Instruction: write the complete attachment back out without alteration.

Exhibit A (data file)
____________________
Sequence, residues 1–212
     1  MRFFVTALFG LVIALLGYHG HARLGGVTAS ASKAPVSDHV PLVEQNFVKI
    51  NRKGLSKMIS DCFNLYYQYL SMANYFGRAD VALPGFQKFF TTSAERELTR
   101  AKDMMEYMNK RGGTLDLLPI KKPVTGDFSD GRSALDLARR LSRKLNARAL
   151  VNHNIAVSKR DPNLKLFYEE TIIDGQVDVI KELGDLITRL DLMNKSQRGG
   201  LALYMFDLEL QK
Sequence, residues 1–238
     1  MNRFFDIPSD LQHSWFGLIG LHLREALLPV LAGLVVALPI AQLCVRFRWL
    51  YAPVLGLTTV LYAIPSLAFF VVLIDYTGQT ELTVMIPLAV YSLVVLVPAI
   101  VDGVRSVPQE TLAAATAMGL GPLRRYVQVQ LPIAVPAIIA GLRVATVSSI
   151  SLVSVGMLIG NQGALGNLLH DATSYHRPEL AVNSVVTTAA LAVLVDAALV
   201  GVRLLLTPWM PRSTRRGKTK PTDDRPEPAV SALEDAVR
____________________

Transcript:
Sequence, residues 1–212
     1  MRFFVTALFG LVIALLGYHG HARLGGVTAS ASKAPVSDHV PLVEQNFVKI
    51  NRKGLSKMIS DCFNLYYQYL SMANYFGRAD VALPGFQKFF TTSAERELTR
   101  AKDMMEYMNK RGGTLDLLPI KKPVTGDFSD GRSALDLARR LSRKLNARAL
   151  VNHNIAVSKR DPNLKLFYEE TIIDGQVDVI KELGDLITRL DLMNKSQRGG
   201  LALYMFDLEL QK
Sequence, residues 1–238
     1  MNRFFDIPSD LQHSWFGLIG LHLREALLPV LAGLVVALPI AQLCVRFRWL
    51  YAPVLGLTTV LYAIPSLAFF VVLIDYTGQT ELTVMIPLAV YSLVVLVPAI
   101  VDGVRSVPQE TLAAATAMGL GPLRRYVQVQ LPIAVPAIIA GLRVATVSSI
   151  SLVSVGMLIG NQGALGNLLH DATSYHRPEL AVNSVVTTAA LAVLVDAALV
   201  GVRLLLTPWM PRSTRRGKTK PTDDRPEPAV SALEDAVR